limited by nothing but his own will and reason. At
the same time, Plato's view, even as a “likely” account,
faces theoretical difficulties. For if God, the Forms, and
the Receptacle are co-eternally independent of each
other, why can God know the Forms? Or why should


the Receptacle be such that it could be persuaded to
take on the Forms?

To avoid such religious and theoretical difficulties
the traditional theist substitutes creatio ex nihilo. He
concedes that creatio too is baffling, that the how of
creation is unknowable. But three co-eternal Beings,
interacting and yielding a cosmos like ours, compounds
mystery. Mysterious as the how of creatio may be, it
offends no theoretical norm, and protects the absolute-
ness and perfection of God.

3. The words creatio ex nihilo are intended, then,
to deny the existence of any other Being co-eternal
with God, or any world identical with God.

For example, the theist cannot with Spinoza say
Rdeus sive natura (“God or Nature”). Spinoza held that
a God who created the world must have been imperfect
before its creation. If God is perfect the world must
follow from his nature “as the nature of a triangle that
its two angles should be equal to two right angles”
(Ethics, I, Prop. 17 Scholium).

In similar vein, the emanationist argues that the
mystery of ex nihilo can be avoided by thinking of the
world as “radiating” the unchanged One in different
degrees. For Plotinus, influenced by Plato's image of
the Sun, the world is the efflux of the ineffable, tran-
scendent, “creative” One. Such emanation should not
be confused with the “creative” or “emergent” evolu-
tion in which real novelty is produced “in time.” For
the emanationist the temporal order of “descent” is
not real; the One and the many stages of “evolution”
are in fact one. Hence, emanation hardly escapes
monism in its attempt to avoid the ex nihilo that defies
imagination and intellect.

The monist and emanationist usually urge that the
One cannot be described in terms that reflect, as human
thinking must, only a part of the world. The One is
super-personal. The human at best is part of the world
and can provide no adequate analogy to the nature
of the One. Hence Spinoza declared that to conceive
of the one Substance as a person is like comparing the
constellation The Dog to a barking dog. Similarly, the
most noble ideal of human goodness, or will, or reason,
cannot serve to characterize the One.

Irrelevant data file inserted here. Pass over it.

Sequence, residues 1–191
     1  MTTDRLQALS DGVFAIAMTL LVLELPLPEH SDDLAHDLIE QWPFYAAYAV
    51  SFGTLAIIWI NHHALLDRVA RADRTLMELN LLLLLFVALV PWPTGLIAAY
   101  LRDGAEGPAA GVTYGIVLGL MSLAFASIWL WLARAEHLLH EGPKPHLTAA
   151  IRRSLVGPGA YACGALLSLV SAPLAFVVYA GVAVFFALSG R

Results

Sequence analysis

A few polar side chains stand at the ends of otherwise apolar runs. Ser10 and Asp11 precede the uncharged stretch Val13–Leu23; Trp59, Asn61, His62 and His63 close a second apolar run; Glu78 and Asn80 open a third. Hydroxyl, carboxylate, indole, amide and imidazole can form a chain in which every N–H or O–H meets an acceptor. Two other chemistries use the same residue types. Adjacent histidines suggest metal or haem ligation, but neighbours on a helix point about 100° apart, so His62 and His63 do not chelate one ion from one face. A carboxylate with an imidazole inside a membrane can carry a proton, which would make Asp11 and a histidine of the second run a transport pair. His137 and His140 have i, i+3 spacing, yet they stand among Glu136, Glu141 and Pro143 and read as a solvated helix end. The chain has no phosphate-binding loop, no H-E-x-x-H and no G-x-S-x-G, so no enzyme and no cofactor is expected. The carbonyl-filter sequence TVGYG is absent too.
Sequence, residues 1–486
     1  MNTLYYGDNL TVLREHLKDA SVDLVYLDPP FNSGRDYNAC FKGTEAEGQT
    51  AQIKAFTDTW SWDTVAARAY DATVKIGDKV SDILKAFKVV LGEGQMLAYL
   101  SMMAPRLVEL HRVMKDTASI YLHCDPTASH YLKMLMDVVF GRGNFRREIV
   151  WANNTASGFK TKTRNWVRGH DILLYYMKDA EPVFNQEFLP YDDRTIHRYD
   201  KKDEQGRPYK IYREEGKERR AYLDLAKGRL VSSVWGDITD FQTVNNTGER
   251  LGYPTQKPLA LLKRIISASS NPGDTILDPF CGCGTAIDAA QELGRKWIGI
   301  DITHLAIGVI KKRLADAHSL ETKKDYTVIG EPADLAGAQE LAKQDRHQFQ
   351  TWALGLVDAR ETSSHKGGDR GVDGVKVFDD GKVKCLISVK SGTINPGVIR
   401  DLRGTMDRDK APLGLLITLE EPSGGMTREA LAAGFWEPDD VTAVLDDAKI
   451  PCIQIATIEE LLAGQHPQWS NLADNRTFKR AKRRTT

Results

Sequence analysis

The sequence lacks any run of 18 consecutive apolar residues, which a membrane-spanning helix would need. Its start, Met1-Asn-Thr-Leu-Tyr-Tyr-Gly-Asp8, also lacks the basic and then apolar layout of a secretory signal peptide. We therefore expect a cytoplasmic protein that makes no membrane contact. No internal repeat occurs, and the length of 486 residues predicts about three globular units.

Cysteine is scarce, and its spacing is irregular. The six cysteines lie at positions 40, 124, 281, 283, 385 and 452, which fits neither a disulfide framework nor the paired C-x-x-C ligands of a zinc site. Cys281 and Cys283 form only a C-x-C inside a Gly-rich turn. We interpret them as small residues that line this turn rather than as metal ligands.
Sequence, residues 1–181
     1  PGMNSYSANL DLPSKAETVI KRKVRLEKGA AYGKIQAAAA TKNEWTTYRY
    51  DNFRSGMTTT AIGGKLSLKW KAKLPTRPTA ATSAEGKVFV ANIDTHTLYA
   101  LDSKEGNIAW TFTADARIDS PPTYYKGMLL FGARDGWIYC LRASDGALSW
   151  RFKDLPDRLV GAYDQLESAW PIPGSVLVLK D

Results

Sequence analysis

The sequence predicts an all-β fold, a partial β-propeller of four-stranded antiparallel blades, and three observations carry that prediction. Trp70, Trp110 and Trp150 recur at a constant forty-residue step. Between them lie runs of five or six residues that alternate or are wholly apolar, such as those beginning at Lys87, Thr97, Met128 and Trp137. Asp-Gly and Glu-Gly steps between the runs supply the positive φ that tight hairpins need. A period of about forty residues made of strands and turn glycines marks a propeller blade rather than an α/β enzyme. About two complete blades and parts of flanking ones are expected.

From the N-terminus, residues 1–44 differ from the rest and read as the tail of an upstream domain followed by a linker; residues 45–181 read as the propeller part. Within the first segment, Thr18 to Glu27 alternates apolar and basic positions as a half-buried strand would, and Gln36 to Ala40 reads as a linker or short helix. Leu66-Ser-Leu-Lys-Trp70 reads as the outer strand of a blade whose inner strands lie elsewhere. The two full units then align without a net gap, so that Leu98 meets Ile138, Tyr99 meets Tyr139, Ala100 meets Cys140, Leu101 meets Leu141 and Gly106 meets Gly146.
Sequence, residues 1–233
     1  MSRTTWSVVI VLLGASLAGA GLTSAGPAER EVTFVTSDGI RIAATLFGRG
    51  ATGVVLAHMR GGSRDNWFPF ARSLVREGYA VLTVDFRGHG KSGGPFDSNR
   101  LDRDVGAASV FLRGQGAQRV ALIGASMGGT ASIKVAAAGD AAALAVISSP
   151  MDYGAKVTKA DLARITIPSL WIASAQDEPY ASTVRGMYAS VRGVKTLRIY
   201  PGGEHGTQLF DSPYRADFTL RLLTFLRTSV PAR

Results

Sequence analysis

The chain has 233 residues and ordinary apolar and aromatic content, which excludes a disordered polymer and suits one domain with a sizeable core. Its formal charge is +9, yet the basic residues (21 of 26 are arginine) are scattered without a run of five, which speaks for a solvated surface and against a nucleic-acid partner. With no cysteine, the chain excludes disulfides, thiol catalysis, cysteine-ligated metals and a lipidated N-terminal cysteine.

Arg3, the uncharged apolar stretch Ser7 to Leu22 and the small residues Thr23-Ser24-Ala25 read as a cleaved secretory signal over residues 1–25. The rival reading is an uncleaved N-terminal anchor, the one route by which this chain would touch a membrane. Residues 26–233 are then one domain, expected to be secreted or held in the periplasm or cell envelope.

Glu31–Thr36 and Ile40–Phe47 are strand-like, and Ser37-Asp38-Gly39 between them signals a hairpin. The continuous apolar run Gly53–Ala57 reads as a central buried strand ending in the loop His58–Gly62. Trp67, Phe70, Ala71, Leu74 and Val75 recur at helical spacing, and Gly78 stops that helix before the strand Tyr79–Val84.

The theist agrees with the monist and emanationist
that God cannot be One among equals, or co-eternal
with any other being or beings. But he counters that
mystery is not decreased by considering an imperfect
world, manifesting the One, ultimately good. Nor does
he see how human freedom is consistent with emana-
tionism or monism. Creatio allows him to think of the
Unity as the ultimate Agent who in creating is self-
guided by his ideals of goodness and of reason. God
is not even, as Aristotle seems to have held, the Thinker
whose perfection is the unifying lure of all finite beings.
God is the Creator who thinks and acts in accordance
with goals intrinsic to his being. In creating the order
of Nature which supports human effort without anni-
hilating man's freedom, God expresses his loving pur-
pose—a mutually respecting and responsible commu-
nity of persons. Hence, this world, as Leibniz put it,
is the best possible world once it is seen as the arena
for the development of persons who cannot escape the
responsibility for their own actions.

In the theistic view, the natural world may be con-
ceived as the order of interacting nonmental entities
(in Thomistic realism) or as part of the mental nature
of God (as in Berkeley), or as a world of psychic unities
of different grades (as in Leibniz' panpsychism).

The conception of man's interaction with Nature and
with God varies in each of these theistic views. But
the religious and moral relation of men to each other
and to God is not significantly affected by viewing the
natural world as mental or nonmental. Yet man's con-
fidence that the natural world expresses God's reason